Fully Open Edge Cloud

SlapOS: unified provisioning of autonomic device at the edge and in the cloud

SlapOS presentation at "Open Source / Free Software for Effective Industry 4.0" meetup on 2018/11/12 in Fraunhofer IAO, Stuttgart.
  • Last Update:2019-08-28
  • Version:001
  • Language:en


  • History
  • Design
  • Success Cases
  • Future

We will first introduce the history of SlapOS.

We will then focus on the key design strengths of SlapOS.

At the end we will showcase other SlapOS success cases and provide insights on the future of SlapOS.


SlapOS is an overlay on top of Linux or any POSIX compliant OS. It can act as a general purpose edge computing system, cloud computing or orchestration system.

SlapOS: (one of) the first edge computing systems


We've been deploying edge computing at Nexedi since around 2008 with SlapOS.

Everyone has a different notion of edge computing. We tried to define them in this article: Five Evolutions of Cloud Computing "https://www.nexedi.com/NXD-Blog.Five.Cloud.Evolution. However, Edge Computing is kind of buzzword that covers many old ideas of distributed computing that recently became more widely accepted.

Why don't you use OpenStack?

We often get questions such as:

  • why don't you use virtualisation?
  • why don't you OpenStack?
  • why don't you use Docker?
  • etc.

We usually answer: because they don't work according to industrial grade standards, even now, and because they did not exist in 2008.

The meaning of "does not work" is a bit different for Nexedi and for most open source developers. In Nexedi, we want systems that "work always in the same way and for a very long time", rather than systems that "work sometimes" and are easy to install with a beautiful web site. We want this kind of predictability for everything (build, ordering, etc.). We care more about improving our software than community or documentation. If a solution works but is rejected by most community, we ignore community because we have to serve our customers first (our business model is based on customers, not on venture capital).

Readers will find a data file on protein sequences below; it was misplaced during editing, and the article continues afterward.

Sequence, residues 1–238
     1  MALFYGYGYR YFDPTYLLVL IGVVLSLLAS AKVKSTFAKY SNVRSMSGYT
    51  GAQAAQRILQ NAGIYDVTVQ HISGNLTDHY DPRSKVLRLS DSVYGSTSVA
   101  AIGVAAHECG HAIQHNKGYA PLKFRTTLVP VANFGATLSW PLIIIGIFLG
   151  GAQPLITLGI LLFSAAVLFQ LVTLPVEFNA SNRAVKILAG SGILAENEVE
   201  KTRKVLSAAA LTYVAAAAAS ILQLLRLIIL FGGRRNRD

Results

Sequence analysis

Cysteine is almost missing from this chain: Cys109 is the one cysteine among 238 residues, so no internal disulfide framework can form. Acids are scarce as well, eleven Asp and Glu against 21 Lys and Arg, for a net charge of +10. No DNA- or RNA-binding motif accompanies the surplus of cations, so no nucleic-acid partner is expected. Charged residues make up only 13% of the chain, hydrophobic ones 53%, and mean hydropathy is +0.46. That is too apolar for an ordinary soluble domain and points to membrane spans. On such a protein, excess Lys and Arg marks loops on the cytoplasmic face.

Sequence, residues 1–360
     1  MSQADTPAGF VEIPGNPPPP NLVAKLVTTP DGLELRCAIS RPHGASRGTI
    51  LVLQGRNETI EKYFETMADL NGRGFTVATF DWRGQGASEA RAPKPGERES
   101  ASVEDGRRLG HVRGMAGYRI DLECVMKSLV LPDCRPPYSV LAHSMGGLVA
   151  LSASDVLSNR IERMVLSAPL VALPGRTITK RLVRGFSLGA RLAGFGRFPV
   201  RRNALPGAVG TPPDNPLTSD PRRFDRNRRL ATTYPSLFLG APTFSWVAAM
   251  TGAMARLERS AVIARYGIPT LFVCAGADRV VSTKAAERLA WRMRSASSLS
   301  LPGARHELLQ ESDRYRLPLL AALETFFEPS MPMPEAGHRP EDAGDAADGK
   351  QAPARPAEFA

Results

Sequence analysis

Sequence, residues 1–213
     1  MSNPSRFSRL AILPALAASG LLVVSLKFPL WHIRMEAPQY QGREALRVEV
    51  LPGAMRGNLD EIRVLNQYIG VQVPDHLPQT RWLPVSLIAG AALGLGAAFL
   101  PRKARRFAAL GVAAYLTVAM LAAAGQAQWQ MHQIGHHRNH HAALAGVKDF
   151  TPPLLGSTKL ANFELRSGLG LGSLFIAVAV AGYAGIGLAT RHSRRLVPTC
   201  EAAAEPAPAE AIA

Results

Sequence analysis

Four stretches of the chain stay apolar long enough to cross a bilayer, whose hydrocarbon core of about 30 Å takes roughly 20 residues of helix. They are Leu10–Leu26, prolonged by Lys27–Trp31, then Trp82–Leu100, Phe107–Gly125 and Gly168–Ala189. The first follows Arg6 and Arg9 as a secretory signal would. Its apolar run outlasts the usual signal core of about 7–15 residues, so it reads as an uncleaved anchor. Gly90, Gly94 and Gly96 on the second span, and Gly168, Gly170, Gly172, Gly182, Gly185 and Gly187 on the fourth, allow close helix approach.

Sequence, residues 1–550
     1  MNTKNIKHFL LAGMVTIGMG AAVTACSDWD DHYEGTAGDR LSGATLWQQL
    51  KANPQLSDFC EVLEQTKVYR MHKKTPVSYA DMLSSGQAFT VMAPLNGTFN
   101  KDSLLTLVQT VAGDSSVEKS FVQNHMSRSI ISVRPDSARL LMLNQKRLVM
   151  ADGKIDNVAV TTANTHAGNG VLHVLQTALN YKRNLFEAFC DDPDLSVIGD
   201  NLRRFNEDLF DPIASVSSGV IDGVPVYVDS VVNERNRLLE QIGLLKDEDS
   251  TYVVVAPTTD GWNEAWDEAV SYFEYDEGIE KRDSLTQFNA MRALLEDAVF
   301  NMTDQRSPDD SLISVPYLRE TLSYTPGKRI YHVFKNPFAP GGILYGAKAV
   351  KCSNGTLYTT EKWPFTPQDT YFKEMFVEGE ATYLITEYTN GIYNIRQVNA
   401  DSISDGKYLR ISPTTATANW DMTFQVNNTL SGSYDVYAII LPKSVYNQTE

So, in the case of OpenStack, we believe that its architecture is not promise based and can thus never be stable. This is explained with more details in "Five Evolutions of Cloud Computing".

We also tried to use OpenStack VMs from various suppliers, including OVH, Rackspace and some governments clouds. We did some statistics on hundreds of servers. The conclusion was terrible: there are in average three times more unexpected reboots of OpenStack VMs than on a micro-server hosted in someone's home without UPS. 

Another conclusion is that OVH bare metal servers are remarkably stable. Servers will reboot unexpectedly in average once a decade.

Why don't you use LXC/Docker?

  • Not portable across Linux distros
  • Not supported outside Linux
  • Still a bit unpredictable on Linux
    ~ $ free -h


The article "Are Linux containers stable enough for production and why Nexedi uses SlapOS nano-containers instead ?" (https://www.nexedi.com/NXD-Blog.Docker.SlapOS.Nano.Container.Elbe) explains for example why we do not use Docker or LXC containers and why we do not plan to use them for ourselves. Until recently, it was very difficult to find anyone who would agree with us (just like OpenStack 10 years ago). But more and more people now understand the problems of binary portability with Linux kernel and its consequence on Docker/LXC containers.

So, we might use "kernel namespaces" with SlapOS.

SlapOS could easily support docker/LXC type containers; we actually already implemented it. But those docker/LXC containers will only work if some strict conditions are met: host OS/Kernel and guest OS/Kernel should be same for example. Sadly most developers do not understand those conditions and do not respect them. It is thus difficult to provide something that works according to our standards


Let us now review SlapOS architecture and design goals.